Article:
Advertisement
Browse Subject Areas
?

Click through the PLOS taxonomy to find articles in your field.

For more information about PLOS Subject Areas, click here.

  • Loading metrics

Sequence-Based Antigenic Change Prediction by a Sparse Learning Method Incorporating Co-Evolutionary Information

  • Jialiang Yang,

    Current address: Department of Genetics and Genomic Sciences, Icahn School of Medicine at Mount Sinai, New York, New York, United States of America

    Affiliation Department of Basic Sciences, College of Veterinary Medicine, Mississippi State University, Starkville, Mississippi, United States of America

  • Tong Zhang,

    Affiliation Department of Statistics, Rutgers University, Piscataway, New Jersey, United States of America

  • Xiu-Feng Wan

    wan@cvm.msstate.edu

    Affiliation Department of Basic Sciences, College of Veterinary Medicine, Mississippi State University, Starkville, Mississippi, United States of America

Sequence-Based Antigenic Change Prediction by a Sparse Learning Method Incorporating Co-Evolutionary Information

  • Jialiang Yang, 
  • Tong Zhang, 
  • Xiu-Feng Wan
PLOS
x

Abstract

Rapid identification of influenza antigenic variants will be critical in selecting optimal vaccine candidates and thus a key to developing an effective vaccination program. Recent studies suggest that multiple simultaneous mutations at antigenic sites accumulatively enhance antigenic drift of influenza A viruses. However, pre-existing methods on antigenic variant identification are based on analyses from individual sites. Because the impacts of these co-evolved sites on influenza antigenicity may not be additive, it will be critical to quantify the impact of not only those single mutations but also multiple simultaneous mutations or co-evolved sites. Here, we developed and applied a computational method, AntigenCO, to identify and quantify both single and co-evolutionary sites driving the historical antigenic drifts. AntigenCO achieved an accuracy of up to 90.05% for antigenic variant prediction, significantly outperforming methods based on single sites. AntigenCO can be useful in antigenic variant identification in influenza surveillance.

Introduction

Influenza A virus causes both seasonal and pandemic outbreaks, presenting a continuous challenge to public health. Influenza A virus is an RNA virus in the family Orthomyxoviridae, and its genome is composed of eight negative stranded RNA segments. Two processes, namely antigenic drift and antigenic shift, drive the antigenic changes of influenza A virus. Antigenic drift is mainly caused by mutations in influenza surface glycoproteins hemagglutinin (HA) and neuraminidase (NA), which are primary targets for host immune systems. Antigenic shift occurs when an influenza strain with antigenically distinct HA and/or NA genes appears, usually resulting from genetic reassortment. Genetic reassortment is the exchange of one or more discrete RNA segments into multipartite viruses when two or more viruses infect the same cell. Antigenic drift events occur more frequently than antigenic shift events.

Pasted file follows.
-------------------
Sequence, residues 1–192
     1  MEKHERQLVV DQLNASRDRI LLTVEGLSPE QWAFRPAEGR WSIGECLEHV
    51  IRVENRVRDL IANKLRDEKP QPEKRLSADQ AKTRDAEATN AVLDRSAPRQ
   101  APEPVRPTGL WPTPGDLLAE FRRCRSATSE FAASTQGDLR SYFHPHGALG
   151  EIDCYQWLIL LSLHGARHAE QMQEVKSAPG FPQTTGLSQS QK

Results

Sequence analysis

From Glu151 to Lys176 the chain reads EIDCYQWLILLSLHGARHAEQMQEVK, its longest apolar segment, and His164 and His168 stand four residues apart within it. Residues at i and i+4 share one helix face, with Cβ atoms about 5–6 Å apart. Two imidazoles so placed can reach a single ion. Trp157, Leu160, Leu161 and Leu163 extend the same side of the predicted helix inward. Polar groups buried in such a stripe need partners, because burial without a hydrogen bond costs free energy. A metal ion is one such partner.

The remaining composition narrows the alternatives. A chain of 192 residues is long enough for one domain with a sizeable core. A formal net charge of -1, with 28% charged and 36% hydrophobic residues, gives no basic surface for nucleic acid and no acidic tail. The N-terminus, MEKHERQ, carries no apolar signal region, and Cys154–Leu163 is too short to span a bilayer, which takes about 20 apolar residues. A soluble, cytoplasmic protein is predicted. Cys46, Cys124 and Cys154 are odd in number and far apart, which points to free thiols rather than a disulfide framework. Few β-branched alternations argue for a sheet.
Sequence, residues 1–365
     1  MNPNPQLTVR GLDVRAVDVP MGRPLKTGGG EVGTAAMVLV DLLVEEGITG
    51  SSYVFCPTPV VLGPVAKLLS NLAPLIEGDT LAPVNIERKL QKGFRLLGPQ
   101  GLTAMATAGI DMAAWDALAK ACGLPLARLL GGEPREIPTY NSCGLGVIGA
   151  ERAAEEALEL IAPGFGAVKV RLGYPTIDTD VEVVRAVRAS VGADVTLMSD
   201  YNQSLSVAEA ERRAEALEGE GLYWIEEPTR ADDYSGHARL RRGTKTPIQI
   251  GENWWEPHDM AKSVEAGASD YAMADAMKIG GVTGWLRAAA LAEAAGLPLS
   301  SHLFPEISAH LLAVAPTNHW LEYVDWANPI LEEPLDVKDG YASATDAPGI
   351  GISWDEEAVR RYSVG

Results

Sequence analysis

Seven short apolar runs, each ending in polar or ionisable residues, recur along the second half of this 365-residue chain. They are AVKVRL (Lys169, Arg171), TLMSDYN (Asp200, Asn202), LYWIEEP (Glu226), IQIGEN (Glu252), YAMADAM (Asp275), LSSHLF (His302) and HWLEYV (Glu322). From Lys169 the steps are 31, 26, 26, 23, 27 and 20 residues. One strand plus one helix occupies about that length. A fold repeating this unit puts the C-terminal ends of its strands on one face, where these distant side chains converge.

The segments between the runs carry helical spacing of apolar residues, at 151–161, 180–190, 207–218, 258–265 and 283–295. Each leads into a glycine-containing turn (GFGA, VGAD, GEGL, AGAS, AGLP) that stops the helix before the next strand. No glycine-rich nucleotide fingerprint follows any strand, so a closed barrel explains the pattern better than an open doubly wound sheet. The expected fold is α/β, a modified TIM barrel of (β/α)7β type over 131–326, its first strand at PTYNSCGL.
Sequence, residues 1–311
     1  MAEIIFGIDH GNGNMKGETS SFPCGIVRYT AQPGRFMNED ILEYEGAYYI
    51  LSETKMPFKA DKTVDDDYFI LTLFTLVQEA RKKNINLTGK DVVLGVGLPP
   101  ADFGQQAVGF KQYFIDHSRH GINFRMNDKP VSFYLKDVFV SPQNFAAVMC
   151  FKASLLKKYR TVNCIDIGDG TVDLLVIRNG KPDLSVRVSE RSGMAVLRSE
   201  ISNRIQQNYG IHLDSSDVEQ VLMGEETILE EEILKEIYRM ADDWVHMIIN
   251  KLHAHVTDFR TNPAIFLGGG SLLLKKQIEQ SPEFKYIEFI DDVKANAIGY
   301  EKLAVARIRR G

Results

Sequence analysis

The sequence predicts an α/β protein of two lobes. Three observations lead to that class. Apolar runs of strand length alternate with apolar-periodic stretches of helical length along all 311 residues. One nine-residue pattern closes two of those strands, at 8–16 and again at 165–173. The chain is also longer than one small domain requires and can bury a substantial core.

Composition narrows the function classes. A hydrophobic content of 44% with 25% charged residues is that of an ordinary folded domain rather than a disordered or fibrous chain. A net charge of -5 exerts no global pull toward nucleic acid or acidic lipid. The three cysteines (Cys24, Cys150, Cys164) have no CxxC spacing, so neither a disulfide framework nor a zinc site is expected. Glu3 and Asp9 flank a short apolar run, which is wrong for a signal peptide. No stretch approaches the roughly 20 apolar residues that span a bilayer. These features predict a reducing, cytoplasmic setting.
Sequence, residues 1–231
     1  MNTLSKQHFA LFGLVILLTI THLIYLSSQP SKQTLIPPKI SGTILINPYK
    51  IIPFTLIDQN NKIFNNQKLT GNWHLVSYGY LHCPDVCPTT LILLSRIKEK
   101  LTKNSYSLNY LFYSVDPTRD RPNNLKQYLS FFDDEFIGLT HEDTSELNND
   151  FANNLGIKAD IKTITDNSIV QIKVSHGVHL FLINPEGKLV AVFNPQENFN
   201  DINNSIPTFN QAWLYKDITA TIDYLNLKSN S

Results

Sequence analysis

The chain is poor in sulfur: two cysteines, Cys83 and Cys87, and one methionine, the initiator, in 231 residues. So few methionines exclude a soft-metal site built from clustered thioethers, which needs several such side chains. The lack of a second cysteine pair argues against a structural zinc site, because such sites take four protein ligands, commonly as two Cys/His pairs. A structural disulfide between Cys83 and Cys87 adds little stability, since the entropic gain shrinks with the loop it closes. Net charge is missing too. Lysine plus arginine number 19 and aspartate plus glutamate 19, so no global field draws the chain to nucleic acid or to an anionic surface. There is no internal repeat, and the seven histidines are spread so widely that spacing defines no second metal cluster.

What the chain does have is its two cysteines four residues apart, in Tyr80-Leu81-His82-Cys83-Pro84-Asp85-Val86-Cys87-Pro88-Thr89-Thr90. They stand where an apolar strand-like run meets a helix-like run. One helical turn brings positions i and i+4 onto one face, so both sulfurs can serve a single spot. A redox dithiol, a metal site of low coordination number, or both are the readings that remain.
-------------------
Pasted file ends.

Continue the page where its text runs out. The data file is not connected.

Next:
Vaccine is the primary option in counteracting influenza outbreaks. Antigenic matches between circulating strains and vaccine seed strain is the key to an effective vaccination program. Recently, we developed AntigenBridges, a sequence-dependent influenza antigenicity quantification method [1]. This method identified antigenicity-associated sites using sparse learning and developed a quantification score using single mutations. This same method was shown to be effective in inferring influenza antigenicity up to an accuracy of 83.78%. Compared to other laboratory-based methods such as hemaglutination inhibition (HI) and microneutralization (MN), this sequence-dependent method allowed us to perform large-scale antigenic characterization in influenza surveillance. More importantly, it can facilitate antigenic characterization for those viruses requiring a high biosafety facility, such as H5 and H7 influenza A virus, which generally require BioSafety Level 3 (BSL-3) facility.

During influenza evolution, multiple sites can co-evolve. A recent study on HA1 proteins of H3N2 influenza A viruses from 1968 to 2005 showed that 88 of the 95 substitutions occurred in groups, and two or more of these residues can mutate simultaneously [2]. These multiple simultaneous mutations at antigenic sites cumulatively enhance antigenic drift [2]. Other studies also identified 308 putative pairs of co-evolved amino acid positions [3]. These studies have suggested that the residues under correlated evolution (co-evolution) are more likely to be physically close in the three-dimensional structure of the protein [4]. Because the impacts of these co-evolved sites are not necessarily additive, the single site-based method described in the previous study would need to be optimized. In this study, we developed AntigenCO, a sparse learning method by incorporating evolutionary information. Our results showed that AntigenCO outperformed AntigenBridges, and can reach up to 90.05% predictive accuracy.